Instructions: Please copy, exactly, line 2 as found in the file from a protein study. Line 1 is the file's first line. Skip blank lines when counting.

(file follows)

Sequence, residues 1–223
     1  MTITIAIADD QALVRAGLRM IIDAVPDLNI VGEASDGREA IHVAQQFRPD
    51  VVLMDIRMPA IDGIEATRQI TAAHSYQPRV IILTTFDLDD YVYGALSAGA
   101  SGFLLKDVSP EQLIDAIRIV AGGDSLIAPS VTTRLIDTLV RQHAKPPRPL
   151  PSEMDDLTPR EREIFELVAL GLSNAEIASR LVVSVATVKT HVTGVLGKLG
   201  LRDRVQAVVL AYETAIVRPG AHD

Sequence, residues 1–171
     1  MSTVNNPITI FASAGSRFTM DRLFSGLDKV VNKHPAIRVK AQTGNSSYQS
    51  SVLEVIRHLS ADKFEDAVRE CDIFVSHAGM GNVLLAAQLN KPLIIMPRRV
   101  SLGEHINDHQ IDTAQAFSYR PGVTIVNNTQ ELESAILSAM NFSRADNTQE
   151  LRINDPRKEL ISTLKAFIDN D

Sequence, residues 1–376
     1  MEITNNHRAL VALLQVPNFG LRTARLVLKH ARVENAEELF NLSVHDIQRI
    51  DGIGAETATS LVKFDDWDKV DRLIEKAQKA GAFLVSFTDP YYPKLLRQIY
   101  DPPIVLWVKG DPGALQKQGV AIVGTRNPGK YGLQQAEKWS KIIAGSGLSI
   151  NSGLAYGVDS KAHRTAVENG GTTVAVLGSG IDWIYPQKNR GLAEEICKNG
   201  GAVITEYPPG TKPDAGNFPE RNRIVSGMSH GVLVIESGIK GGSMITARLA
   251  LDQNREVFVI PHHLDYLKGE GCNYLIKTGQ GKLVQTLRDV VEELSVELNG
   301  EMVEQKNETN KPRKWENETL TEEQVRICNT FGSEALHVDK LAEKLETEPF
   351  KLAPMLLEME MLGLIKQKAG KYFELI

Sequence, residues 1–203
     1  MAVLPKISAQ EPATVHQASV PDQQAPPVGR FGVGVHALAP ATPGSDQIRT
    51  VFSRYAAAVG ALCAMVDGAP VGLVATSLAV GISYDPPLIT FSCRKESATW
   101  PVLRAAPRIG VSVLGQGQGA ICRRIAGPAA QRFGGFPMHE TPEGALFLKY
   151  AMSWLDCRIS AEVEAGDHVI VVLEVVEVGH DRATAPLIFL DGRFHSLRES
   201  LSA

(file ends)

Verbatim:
     1  MTITIAIADD QALVRAGLRM IIDAVPDLNI VGEASDGREA IHVAQQFRPD